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tv   Arts and Culture  Deutsche Welle  September 6, 2019 12:45pm-1:00pm CEST

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the big cities joan day and. people are starting to leave. we no longer know how we will be able to manage. the drought is especially hard on people who must find water not just for their families but also for their livestock. believes he is about 60 years old and has always tended his herds. now it's so dry that he and his son john paul are running out of options. this animal feed was harvested the previous year by now it's completely dried out and there isn't much left. if the next month doesn't bring rain the family fear the worst. if their livestock die they will be left with nothing.
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i did this spring is 6 kilometers away we have to fetch water twice a day just to have barely enough for our cattle the goats and my family. over the past 1015 years the situation has grown much worse that's why young people aren't able to stay in their villages they're forced to leave to go to the cities there's no future for them here. young people are moving away because the lack of water is stealing their future herders are having to leave but the cities because their livestock died of thirst traitors grain farmers and hunters people from across northern cameroon are leaving their homes they are climate refugees a sign of things to come. but
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climate is hardly ever the only reason behind a decision to migrate poverty is often a factor fear of terror attacks can also play a role. most of the people gathered here fled from the islamist group boko haram in neighboring nigeria. they are now unintentionally contributing to the desperate situation facing local cameroonians. people stand in line for up to 8 hours to receive a few kilos of food they wait quietly and patiently and despite the brutal heat. there are 200 sacks of millet and corn 430000 people this help is urgently needed but it's only a drop in the bucket. or you can hear. the winter. weather 2.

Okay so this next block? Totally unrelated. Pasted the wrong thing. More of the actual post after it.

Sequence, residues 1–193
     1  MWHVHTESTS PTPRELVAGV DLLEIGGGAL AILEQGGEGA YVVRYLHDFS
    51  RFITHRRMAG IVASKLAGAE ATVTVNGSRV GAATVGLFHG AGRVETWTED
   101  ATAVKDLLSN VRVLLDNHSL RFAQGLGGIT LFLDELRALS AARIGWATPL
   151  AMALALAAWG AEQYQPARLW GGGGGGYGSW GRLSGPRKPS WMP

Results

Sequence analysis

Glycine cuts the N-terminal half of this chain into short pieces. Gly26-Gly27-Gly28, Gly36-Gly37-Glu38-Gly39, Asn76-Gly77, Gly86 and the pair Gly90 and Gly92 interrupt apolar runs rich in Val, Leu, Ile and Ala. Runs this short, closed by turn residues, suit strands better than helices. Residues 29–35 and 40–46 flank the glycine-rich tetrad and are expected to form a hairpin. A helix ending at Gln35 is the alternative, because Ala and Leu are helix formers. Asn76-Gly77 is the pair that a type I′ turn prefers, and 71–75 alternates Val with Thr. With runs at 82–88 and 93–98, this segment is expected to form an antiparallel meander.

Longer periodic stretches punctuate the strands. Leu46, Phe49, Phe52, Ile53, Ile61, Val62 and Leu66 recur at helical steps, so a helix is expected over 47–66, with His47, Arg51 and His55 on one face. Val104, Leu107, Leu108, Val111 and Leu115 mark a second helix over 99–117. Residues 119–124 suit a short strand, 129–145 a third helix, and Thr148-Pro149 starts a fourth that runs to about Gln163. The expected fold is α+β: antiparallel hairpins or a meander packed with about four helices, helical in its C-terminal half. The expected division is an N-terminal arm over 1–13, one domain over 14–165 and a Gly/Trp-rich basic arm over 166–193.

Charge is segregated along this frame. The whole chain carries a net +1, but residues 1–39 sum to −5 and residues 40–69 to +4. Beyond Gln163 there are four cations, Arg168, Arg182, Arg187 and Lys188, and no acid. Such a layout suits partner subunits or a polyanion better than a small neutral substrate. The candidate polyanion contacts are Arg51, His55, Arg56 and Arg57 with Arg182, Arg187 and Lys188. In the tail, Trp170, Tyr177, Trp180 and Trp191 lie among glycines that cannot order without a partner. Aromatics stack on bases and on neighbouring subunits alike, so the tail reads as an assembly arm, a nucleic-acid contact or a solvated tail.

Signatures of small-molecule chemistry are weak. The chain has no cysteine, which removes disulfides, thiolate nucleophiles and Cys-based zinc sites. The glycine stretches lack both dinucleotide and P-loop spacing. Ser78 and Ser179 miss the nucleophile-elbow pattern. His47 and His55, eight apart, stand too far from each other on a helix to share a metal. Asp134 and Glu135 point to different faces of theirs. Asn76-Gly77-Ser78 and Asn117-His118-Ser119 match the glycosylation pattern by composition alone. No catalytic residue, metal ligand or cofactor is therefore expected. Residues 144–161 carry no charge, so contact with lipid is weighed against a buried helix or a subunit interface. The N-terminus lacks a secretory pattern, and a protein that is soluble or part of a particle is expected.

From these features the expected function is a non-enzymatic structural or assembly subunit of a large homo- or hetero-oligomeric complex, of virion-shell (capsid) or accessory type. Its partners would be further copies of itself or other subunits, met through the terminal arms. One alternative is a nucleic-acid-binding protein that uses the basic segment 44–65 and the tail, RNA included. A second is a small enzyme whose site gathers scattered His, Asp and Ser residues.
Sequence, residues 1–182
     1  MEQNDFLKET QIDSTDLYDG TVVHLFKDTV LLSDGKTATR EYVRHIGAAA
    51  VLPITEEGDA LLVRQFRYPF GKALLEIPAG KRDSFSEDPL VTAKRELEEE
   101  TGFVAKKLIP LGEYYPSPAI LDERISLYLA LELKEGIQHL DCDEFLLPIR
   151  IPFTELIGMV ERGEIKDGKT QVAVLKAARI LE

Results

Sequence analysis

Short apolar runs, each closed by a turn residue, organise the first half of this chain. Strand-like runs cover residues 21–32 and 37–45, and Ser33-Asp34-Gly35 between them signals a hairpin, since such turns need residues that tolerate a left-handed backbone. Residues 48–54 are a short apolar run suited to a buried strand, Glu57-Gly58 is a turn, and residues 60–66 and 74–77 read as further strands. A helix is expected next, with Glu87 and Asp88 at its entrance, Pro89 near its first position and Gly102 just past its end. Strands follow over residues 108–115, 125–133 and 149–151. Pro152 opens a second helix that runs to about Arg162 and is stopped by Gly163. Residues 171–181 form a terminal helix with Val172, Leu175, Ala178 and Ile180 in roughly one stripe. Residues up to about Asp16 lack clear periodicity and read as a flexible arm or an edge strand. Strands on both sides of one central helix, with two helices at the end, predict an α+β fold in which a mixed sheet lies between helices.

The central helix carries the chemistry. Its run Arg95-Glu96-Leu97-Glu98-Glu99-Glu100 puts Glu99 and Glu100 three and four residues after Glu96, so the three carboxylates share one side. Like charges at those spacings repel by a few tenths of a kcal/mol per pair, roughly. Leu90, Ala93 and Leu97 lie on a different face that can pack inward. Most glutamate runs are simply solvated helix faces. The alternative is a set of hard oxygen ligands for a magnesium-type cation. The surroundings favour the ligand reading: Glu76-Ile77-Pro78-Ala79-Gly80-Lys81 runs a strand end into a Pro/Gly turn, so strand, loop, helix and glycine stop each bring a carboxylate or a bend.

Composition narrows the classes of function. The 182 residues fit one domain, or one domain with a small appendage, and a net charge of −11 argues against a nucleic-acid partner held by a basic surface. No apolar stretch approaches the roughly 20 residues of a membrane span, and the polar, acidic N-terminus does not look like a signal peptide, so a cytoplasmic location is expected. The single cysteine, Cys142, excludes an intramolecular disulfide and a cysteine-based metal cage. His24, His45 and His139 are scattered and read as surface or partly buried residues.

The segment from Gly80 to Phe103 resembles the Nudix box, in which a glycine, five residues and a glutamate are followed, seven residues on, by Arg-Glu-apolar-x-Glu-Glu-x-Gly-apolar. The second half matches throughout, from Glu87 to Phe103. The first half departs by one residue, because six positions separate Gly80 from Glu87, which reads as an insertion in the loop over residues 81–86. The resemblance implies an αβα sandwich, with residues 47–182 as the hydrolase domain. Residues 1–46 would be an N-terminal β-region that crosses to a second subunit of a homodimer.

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devoted to me because when we've already seen several waves of migration. people keep trying to make their way south to find farmland in areas where there is more rain. many people have left here heading south. so depressing. that. if you did you're. here in the mid may region the rains used to begin in april. now the rains come in late may. and i've sometimes in early june. you know. in the past it rained until october. a lot of the abusee. but last year the rains ended in august. it's a disaster for us farmers. in
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order to farm properly soil must remain moist for at least 4 months out of the year experts call this the $120.00 day line if rain last less than 4 months soil will grow arid grain cultivation becomes impossible and livestock die. in the say hill region this line between survival and disaster is moving ever further south toward the equator where there's more rain from 970 to 2016 up to 100 kilometer wide stretches of land that were once arable have become desert. as a result hundreds of camps have a risen in this a hill region filled with people who have lost their livelihoods temperatures reach 45 degree celsius in the shade and 60 degrees in the full sun. people here live at the edge of despair reliant on food deliveries from n.g.o.s. he's